Summary: We live with the knowledge that we sin; we often assume we're getting away with it. In reality, we've just never been caught - or have we?

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“Treasuring God’s Grace”

2 Sam. 11:26-12:14

The question on the job application read, “Have you ever been arrested?” The applicant printed the word “No” in the space. The next question was a follow-up to the first; it asked, “Why?” So this honest applicant wrote, “I guess it’s because I never got caught.” Probably an accurate diagnosis for many of us! We live with the knowledge that we sin; and we often assume we’re getting away with it. In reality, we’ve just never been caught - or have we?

Dick Van Dyke starred in a TV series entitled “Diagnosis Murder.” He played a doctor who always wound up in the middle of some scheme where someone believed they’d gotten away with murder. But, of course, Dick’s character always solved the crime and delivered the guilty party for arrest and trial. They thought they had gotten away with it - but they had not.

King David committed adultery and murder; he thought he had gotten away with it – he believed he had not been caught. And then came Nathan with God’s diagnosis - and David’s world changed forever. David repented and life was forever changed. God, you see, has some pretty strong reactions to sin. And that’s the message to us today: WE NEED TO REPENT BECAUSE OF GOD’S REACTIONS TO SIN. Let’s follow the experience of David as it’s recorded in II Samuel by looking at God’s various reactions to sin.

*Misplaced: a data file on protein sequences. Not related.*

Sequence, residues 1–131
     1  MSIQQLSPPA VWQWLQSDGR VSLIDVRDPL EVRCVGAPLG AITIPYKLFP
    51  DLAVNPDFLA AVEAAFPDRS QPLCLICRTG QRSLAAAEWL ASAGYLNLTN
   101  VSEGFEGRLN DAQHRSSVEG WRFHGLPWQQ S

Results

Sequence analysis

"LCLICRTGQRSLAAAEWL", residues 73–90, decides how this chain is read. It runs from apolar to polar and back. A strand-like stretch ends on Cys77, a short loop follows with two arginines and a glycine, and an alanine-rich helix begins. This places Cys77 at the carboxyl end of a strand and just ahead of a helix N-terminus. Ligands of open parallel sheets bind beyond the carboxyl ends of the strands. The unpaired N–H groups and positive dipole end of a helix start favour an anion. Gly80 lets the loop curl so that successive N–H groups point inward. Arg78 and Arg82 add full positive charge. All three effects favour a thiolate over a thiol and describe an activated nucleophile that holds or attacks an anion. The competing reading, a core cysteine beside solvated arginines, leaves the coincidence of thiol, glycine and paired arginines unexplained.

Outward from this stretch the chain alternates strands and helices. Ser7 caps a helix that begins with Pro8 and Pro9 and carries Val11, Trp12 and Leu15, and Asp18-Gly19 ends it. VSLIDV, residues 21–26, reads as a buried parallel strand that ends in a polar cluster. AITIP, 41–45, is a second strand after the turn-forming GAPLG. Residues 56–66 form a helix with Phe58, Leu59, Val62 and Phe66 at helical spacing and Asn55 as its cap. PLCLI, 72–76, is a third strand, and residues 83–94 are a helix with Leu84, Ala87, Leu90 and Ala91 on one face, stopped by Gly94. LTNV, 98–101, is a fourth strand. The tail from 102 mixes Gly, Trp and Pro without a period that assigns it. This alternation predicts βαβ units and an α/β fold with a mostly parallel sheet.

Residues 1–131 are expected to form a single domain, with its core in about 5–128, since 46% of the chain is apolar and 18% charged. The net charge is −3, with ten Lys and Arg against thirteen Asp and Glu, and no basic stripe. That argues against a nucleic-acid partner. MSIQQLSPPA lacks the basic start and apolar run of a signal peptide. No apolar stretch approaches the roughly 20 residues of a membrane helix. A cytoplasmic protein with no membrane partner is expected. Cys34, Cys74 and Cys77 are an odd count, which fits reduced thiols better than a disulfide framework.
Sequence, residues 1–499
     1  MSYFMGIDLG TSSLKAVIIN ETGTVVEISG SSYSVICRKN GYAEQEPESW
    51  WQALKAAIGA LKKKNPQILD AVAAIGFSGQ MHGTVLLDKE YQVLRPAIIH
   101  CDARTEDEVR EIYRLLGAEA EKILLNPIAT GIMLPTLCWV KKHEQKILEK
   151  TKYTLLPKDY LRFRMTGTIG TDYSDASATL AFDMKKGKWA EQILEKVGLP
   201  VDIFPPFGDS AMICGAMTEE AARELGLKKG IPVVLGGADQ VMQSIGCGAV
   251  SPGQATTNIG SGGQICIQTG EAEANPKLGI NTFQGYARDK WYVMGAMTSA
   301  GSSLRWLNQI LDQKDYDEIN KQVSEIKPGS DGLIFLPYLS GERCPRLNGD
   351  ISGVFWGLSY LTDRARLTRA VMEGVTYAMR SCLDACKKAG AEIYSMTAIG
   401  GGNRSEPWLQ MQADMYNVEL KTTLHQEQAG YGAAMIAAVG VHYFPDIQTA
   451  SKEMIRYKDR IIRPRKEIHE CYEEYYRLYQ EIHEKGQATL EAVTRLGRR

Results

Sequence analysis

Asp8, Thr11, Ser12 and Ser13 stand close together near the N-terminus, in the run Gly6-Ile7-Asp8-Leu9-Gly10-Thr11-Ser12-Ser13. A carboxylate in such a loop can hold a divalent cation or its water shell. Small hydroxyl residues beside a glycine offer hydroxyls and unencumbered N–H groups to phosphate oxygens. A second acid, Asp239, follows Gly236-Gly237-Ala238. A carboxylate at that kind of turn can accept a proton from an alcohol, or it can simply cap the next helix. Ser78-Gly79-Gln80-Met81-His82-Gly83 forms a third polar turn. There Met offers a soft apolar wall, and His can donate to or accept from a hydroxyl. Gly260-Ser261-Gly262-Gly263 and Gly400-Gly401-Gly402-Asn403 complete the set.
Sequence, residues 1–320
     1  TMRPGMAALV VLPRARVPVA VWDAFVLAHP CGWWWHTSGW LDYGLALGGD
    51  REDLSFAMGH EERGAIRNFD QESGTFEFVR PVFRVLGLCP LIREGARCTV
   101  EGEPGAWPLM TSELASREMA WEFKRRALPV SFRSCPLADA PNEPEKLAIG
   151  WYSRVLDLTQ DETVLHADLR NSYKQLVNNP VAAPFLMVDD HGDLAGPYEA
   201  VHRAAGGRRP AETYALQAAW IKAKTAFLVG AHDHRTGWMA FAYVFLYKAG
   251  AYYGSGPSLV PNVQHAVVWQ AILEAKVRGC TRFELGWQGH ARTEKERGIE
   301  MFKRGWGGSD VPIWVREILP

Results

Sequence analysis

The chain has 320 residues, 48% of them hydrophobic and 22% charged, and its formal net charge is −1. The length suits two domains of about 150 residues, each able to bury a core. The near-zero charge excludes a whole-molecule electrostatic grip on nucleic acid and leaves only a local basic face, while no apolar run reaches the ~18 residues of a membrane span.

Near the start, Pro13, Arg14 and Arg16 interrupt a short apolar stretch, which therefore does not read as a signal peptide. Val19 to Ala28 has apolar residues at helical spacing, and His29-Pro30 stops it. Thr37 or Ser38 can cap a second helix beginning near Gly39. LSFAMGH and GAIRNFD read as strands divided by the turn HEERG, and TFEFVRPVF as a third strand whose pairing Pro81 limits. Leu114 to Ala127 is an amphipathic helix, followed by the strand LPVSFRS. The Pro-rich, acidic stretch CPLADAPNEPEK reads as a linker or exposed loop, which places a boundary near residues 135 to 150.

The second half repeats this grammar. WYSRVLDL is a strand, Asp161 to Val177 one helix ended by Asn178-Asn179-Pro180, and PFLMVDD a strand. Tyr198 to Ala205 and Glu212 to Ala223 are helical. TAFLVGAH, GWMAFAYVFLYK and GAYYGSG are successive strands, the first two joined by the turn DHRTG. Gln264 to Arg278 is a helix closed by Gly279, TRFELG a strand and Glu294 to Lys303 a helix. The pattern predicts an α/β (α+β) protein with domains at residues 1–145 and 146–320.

God’s first reaction is HEAVY ANGUISH of heart. The key to understanding this passage comes in 11:26-27: “When Uriah’s wife heard that her husband was dead, she mourned for him. After the time of mourning was over, David had brought her to his house, and she became his wife and bore him a son. But the thing David had done displeased the Lord.” Imagine parents who have invested years of love, money, support, and time on their child. They’ve done a wonderful job. But the day comes when the child rebels and becomes wayward - all but disowns his parents. For the parents, it’s a rough time; their hearts are heavy with anguish. They love their son but hate what he’s doing. All they can think and ask is, “Why, after all we’ve done for him, did he do this?”

Sounds like God, doesn’t it? Look at the second part of verse 7: “This is what the Lord, the God of Israel, says: ‘I anointed you king over Israel, and delivered you from the hand of Saul. I gave your master’s house to you, and your master’s wives into your arms. I gave you the house of Israel and Judah. And if all this had been too little, I would have given you even more. Why did you despise the word of the Lord by doing what is evil in his eyes?’” God loved David - but hated David’s sin. God was committed to keep on loving David, but He had to do something about David’s grave sin. God had given so much to and done so much for David - but David had rejected and despised it. God’s heart was heavy with anguish.

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